I honestly love curating the show and writing about brewery art. If that could ever be a full-time job, I’d be one happy, drunk camper.
3. Are you married? Children?
4. Outside of beer and writing, what are some of your other hobbies?
I love cooking. I tend to work my way through cuisine styles at a clip of one per year. Most recently I tried to get good at Spanish food. I make a decent tortilla classica and a passable paella.
Off The Beaten Path
1. If you were a style of beer, what style would be an why?
Wow. Tough question. I think I’d be one of those big, East Coast IPAs (like a Dogfish 90 minute). I try to stay balanced, and I think I achieve that, but I’m definitely intense and not for everybody.
2. You were caught smuggling beer illegally, which has now been made punishable by death. Right before you are sent to the executioner, you are offered one last beer. What beer would you chose and why?
Victory Hop Devil. It got me into craft beer, it cost me lots of money over the course of my life, and it has now apparently gotten me killed. It may as well see me off the mortal coil.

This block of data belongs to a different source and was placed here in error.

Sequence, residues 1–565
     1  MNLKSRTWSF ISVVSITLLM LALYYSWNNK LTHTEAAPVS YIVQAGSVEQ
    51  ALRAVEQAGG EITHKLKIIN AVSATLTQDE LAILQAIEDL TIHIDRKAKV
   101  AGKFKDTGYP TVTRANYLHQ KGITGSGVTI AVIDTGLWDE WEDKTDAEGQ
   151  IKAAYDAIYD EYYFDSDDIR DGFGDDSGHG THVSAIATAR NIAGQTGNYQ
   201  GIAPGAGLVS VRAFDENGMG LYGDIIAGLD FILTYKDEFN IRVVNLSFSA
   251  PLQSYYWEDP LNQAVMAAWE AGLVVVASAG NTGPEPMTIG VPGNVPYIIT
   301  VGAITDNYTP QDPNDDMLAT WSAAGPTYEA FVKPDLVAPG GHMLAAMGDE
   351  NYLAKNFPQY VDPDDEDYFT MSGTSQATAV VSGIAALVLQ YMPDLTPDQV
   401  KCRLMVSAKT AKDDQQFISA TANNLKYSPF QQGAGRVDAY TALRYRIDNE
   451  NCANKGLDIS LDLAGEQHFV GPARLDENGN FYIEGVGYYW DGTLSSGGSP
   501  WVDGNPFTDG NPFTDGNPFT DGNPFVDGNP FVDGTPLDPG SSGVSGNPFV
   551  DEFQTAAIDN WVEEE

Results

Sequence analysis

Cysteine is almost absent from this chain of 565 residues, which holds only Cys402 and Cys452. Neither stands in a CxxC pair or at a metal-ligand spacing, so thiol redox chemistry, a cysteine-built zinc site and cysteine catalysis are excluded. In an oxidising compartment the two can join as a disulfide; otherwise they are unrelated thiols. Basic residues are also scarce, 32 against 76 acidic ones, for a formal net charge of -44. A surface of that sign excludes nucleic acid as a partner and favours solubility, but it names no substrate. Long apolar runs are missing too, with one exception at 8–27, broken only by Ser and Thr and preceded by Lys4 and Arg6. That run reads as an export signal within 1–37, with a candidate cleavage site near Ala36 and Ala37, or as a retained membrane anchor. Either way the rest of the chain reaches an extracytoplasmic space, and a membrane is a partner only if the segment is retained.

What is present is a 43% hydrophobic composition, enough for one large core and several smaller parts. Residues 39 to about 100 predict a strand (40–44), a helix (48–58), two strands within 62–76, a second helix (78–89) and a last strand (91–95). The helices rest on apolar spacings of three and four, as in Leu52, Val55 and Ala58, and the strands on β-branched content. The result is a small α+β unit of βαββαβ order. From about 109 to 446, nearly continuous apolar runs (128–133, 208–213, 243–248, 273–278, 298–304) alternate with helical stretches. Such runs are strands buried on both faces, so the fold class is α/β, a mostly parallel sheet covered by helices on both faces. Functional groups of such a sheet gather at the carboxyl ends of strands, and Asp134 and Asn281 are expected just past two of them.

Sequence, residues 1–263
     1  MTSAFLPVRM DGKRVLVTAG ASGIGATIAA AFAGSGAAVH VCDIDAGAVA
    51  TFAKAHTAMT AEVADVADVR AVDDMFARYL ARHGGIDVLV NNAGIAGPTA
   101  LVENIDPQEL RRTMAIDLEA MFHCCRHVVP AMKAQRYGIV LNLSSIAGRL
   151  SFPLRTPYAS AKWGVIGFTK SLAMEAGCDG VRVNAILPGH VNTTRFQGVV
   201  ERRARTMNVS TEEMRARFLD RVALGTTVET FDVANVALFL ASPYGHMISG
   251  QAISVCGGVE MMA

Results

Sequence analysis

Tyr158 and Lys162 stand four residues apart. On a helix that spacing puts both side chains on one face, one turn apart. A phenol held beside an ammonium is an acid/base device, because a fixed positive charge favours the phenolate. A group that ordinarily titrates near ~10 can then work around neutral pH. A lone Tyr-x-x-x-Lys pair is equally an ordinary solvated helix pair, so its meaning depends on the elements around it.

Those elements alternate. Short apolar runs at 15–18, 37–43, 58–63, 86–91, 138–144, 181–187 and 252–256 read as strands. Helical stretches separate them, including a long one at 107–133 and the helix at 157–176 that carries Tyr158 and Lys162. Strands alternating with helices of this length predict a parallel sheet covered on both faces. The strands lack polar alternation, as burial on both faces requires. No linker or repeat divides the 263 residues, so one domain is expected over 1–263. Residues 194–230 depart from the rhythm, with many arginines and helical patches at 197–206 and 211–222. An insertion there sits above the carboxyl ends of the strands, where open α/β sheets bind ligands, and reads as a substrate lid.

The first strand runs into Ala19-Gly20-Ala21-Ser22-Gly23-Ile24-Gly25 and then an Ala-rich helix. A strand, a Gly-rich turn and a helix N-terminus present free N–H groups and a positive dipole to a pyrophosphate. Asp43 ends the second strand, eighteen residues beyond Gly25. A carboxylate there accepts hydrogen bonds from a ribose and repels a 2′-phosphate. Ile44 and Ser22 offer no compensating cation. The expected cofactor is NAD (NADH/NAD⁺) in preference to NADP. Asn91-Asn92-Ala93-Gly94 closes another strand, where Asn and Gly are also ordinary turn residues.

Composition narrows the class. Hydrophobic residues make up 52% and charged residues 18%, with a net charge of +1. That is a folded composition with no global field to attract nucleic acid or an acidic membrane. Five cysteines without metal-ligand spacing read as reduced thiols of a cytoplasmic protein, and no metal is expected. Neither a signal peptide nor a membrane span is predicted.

3. If I contracted you to brew a beer (or design a beer recipe) called “The Beer Wench” — what style would you chose and what, if any, extra ingredients would you add?
All right, I’m going with a saison, which is easy to enjoy and pleasant, because of the writing style. I’m adding some pepper (for some kick, obviously), and I feel like some heather would add a depth of flavor to reflect your many interests.
4. If you could be a superhero, what would you want your superpowers to be?
Teleportation. I love travel, and I only enjoy walking as recreation, not transportation. Plus, can you imagine how awesome seeing breweries would be? You could have an interstate brewery crawl!
5. What is one of the craziest things you have ever done and lived to tell the story?
I was once partying with some guys who had this 400-acre plot of hunting land somewhere in Ohio, and I guess they really liked to get tanked and drive these dilapidated Jeeps around deer paths at night with no lights or brakes. I am still not sure why that wasn’t fatal.
6. What are your thoughts on bacon?
I don’t eat pork, so mostly I’m mystified as to why this country seems to think bacon is appropriate anywhere and everywhere. It’s like a meat, but also a condiment? Why is a default position on food to just add bacon to it? I get that it’s delicious, but so is, say, cheese, or beer, or butter, and we don’t add those to everything. Or should we? Maybe we should treat bacon’s ubiquity as inspiration for other items of scrumptiousness.
SPECIAL THANKS TO GREG FOR AN AWESOME INTERVIEW!